A portion of the mixed metal oxide catalyst of Example I was impregnated with platinum by contacting 15 gms of the mixed metal oxide catalyst with 11.6 gms of an aqueous solution of 2.59M PtCl2 diluted to 25 ml with water and re-calcining the solid at about 450° C. in air to provide a mixed metal oxide catalyst having about 2.0 wt-% platinum.
A mixed metal oxide catalyst having about 2.0 wt-% silver impregnated thereon was prepared according to the procedure of Example IV using an aqueous solution of silver nitrate.
A mixed metal oxide solution was prepared by dissolving 297 gins of zinc nitrate, 287 gms of manganese nitrate, and 403 gms of chromium nitrate according to the procedure of Example I to provide a solid mixed metal oxide catalyst having Zn, Mn, and Cr present in a molar ratio of 34/33/33.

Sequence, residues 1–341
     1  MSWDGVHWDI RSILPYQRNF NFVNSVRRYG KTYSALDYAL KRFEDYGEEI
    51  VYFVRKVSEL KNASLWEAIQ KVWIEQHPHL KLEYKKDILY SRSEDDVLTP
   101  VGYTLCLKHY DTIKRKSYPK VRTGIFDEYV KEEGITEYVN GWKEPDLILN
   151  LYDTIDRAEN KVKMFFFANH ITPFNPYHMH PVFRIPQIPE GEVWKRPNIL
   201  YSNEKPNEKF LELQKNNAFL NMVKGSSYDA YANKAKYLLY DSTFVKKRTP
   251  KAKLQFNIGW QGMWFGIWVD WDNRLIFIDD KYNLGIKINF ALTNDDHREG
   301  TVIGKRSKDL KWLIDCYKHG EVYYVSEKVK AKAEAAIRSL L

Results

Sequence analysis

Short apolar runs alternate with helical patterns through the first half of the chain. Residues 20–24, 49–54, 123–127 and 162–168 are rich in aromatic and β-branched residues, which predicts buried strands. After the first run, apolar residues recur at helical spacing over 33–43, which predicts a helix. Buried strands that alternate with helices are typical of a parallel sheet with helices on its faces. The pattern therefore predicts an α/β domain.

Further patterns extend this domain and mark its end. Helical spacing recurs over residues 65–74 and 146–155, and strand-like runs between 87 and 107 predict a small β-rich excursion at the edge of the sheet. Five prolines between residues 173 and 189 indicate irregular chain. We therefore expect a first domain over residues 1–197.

The process of Example IV was employed to impregnate a portion of the Zn/Mn/Cr solid catalyst of Example VI with about 2.0 wt-% platinum.
The process of Example III was employed to impregnate a portion of the Zn/Mn/Cr solid catalyst of Example VI with about 2.0 wt-% palladium.
A mixed metal oxide solution was prepared by dissolving 310 gms of zinc nitrate, 294 gms of manganese nitrate, and 451 gins of cerium nitrate and precipitated with potassium hydroxide solution according to the procedure of Example I to provide a solid mixed metal oxide catalyst having Zn, Mn, and Ce present in a molar ratio of 34/33/33.
The process of Example IV was employed to impregnate a portion of the Zn/Mn/Ce solid catalyst of Example IX with about 2.0 wt-% platinum.